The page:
Before we get in to this, here’s our disclosure: Machinima is Inside Gaming’s parent company. Inside Gaming reports on all gaming news stories, regardless of connection or content.
Now then, here’s our stance on the recent stories circulating around Machinima’s promotion deal with the Xbox One. First, the facts.
On January 18, NeoGAF user UnluckyKate posted a thread describing rumors that Machinima was running an Xbox One promotion campaign in which they would pay a bonus $3 CPM (cost per mille) to video producers. The videos in question had to hit a certain number of requirements: they had to include at least 30 seconds of Xbox One gameplay, the producer had to verbally mention that they were playing on Xbox One, and the video had to include the “XB1M13″ tag.
The real problem hit later, when a copy of Machinima’s legal agreement appeared on pastebin. The agreement stated that partners were not allowed to say “anything negative or disparaging about Machinima, Xbox One, or any of its games” as well as keep the details of their agreement with Machinima confidential. This wording caused confusion — partners should have been told to make it clear that their content was explicitly promoting the Xbox One while keeping the details of the agreement confidential. I’ve been told that a team at Machinima is investigating why that didn’t happen with this particular contract.
As the news started to circulate, Microsoft and Machinima issued the following statement:
This partnership between Machinima and Microsoft was a typical marketing partnership to promote Xbox One in December. The Xbox team does not review any specific content or provide feedback on content.
Machinima has since taken full responsibility for the error and will ask all participants to include standard sponsorship language going forward.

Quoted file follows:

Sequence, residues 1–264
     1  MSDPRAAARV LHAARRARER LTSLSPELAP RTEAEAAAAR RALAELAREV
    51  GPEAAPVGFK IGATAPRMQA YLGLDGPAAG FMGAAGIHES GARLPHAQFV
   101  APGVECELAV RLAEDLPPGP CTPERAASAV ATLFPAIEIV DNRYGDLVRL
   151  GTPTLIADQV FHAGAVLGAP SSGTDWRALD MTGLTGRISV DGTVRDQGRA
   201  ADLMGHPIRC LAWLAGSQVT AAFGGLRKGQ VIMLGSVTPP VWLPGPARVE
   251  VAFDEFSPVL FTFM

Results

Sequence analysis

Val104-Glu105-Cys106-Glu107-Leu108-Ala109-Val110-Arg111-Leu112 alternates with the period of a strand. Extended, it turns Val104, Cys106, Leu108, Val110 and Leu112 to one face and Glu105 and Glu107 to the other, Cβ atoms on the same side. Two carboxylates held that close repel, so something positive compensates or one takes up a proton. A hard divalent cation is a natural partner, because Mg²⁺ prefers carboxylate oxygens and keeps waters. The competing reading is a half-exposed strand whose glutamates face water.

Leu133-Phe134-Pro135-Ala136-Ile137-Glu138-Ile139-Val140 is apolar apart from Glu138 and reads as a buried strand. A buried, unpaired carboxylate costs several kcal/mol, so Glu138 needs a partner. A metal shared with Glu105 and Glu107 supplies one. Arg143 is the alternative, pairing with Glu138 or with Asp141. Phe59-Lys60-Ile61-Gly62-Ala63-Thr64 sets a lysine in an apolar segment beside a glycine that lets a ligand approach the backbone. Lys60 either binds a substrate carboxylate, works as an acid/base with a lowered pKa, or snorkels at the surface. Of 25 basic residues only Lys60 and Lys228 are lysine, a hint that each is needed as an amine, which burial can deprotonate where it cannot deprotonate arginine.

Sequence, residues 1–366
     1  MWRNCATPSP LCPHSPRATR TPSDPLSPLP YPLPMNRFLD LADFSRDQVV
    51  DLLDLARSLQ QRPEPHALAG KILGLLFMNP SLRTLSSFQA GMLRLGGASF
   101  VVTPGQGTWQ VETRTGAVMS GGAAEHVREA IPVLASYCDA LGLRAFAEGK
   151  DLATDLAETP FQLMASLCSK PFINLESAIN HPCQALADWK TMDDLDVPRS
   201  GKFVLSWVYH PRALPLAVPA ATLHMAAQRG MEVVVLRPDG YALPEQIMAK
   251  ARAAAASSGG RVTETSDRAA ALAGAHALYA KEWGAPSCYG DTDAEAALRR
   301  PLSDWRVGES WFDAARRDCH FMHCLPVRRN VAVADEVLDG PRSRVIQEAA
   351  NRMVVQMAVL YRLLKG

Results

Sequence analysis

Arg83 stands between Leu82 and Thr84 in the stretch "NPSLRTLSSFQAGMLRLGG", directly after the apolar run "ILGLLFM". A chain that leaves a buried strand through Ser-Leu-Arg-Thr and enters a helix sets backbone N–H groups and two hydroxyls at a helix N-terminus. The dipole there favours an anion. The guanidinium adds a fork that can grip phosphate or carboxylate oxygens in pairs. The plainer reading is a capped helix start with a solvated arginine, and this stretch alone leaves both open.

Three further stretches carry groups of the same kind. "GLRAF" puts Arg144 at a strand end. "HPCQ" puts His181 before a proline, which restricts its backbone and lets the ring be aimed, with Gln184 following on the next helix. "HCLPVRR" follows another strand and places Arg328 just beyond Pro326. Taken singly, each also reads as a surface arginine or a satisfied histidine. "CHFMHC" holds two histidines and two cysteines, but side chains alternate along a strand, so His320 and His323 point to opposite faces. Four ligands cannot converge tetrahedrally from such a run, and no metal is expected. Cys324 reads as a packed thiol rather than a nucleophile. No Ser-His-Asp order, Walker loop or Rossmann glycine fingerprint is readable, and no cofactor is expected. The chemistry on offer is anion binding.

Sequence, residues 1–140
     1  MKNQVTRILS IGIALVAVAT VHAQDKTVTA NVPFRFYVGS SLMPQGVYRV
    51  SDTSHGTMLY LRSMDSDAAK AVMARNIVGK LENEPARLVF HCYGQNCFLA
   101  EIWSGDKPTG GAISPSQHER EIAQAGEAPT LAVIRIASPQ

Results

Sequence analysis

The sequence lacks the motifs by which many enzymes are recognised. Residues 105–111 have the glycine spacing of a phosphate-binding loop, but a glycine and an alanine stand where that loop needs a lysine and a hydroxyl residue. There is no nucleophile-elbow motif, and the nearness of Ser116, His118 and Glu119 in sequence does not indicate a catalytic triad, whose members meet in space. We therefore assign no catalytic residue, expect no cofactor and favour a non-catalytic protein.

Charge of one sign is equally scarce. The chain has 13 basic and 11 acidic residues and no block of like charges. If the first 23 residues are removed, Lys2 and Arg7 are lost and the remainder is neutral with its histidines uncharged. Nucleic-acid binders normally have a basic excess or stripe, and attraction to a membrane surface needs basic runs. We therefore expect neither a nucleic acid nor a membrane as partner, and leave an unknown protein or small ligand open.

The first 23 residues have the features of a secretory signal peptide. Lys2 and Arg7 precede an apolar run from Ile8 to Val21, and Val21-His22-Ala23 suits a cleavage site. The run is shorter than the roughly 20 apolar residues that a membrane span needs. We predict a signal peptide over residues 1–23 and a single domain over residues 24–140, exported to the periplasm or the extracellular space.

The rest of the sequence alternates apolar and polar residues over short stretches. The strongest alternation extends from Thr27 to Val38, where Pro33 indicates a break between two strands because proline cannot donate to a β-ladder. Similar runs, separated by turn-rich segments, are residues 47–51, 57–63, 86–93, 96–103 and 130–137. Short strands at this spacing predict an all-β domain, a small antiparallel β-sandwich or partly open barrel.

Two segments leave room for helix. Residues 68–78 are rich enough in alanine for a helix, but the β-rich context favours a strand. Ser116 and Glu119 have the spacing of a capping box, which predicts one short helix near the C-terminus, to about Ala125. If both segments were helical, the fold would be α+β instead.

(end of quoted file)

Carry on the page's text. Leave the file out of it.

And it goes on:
Just to be clear, what follows on is not the statement of Machinima the company, but from Inside Gaming the news outlet.
We’d like to provide our perspective on this issue. First off, this sort of deal happens all the time. It’s simple product placement, and it happens all the time in TV, movies, music, or any other form of media. In fact, just today NeoGAF found another such promotion in which EA directly sponsored YouTubers to make content around games like Battlefield 4, Plants vs. Zombies 2, and sports titles like Madden and NHL. The terms of that agreement are very similar — when it comes to videos about Battlefield 4, they were to show the game’s “leveloution” mechanic as well as avoiding showing the game’s glitches.
To be clear, we’re not trying to distract anyone from the issue or point fingers at anyone else, just drive home the point that sponsored content is extremely common. Someone has to pay for that content, and if it’s not the viewer, it’s going to be an advertiser.
How Does This Affect Inside Gaming?
It doesn’t, due to Inside Gaming’s relationship with Machinima. We all work directly for Machinima as opposed to being channel partners with Machinima. We don’t get paid on a per-view basis, even though it’s our job to make content that people watch. We do not participate in any partnership programs such as the one described in this article. As a result, we operate as an editorial outlet as opposed to an entertainment outlet.
Yes, Inside Gaming is occasionally sponsored, but those sponsor cards are always played before the show and divided from the content itself. We understand that we have a professional obligation to report stories accurately first and entertain second. We always want to be straight and honest with you guys, because we know if we’re not, you’ll just find someone else that is.
We want you to keep watching us. Hell, we even like some of you. Just some though, don’t get too excited.